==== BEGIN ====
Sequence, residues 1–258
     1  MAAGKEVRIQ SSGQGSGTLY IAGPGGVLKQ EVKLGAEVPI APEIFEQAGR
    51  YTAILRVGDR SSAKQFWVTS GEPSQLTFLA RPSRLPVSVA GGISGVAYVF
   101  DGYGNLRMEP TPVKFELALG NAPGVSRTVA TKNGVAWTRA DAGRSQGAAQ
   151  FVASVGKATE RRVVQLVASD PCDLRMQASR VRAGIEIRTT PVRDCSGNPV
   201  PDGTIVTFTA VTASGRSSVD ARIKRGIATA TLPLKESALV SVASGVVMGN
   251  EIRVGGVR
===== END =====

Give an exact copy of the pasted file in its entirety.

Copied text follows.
Sequence, residues 1–258
     1  MAAGKEVRIQ SSGQGSGTLY IAGPGGVLKQ EVKLGAEVPI APEIFEQAGR
    51  YTAILRVGDR SSAKQFWVTS GEPSQLTFLA RPSRLPVSVA GGISGVAYVF
   101  DGYGNLRMEP TPVKFELALG NAPGVSRTVA TKNGVAWTRA DAGRSQGAAQ
   151  FVASVGKATE RRVVQLVASD PCDLRMQASR VRAGIEIRTT PVRDCSGNPV
   201  PDGTIVTFTA VTASGRSSVD ARIKRGIATA TLPLKESALV SVASGVVMGN
   251  EIRVGGVR